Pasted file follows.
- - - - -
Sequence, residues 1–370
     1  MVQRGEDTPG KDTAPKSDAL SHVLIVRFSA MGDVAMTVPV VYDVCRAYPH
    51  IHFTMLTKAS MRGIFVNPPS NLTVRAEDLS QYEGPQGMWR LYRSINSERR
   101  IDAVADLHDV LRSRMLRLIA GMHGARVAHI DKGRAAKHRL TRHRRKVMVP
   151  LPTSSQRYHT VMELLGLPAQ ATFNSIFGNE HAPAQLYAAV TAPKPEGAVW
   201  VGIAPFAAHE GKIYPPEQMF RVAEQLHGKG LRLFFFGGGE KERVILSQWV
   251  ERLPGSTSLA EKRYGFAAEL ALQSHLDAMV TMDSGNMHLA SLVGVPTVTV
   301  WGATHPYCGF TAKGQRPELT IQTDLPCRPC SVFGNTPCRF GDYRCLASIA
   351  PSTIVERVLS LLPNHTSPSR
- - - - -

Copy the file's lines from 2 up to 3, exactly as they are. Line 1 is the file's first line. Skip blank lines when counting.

     1  MVQRGEDTPG KDTAPKSDAL SHVLIVRFSA MGDVAMTVPV VYDVCRAYPH
    51  IHFTMLTKAS MRGIFVNPPS NLTVRAEDLS QYEGPQGMWR LYRSINSERR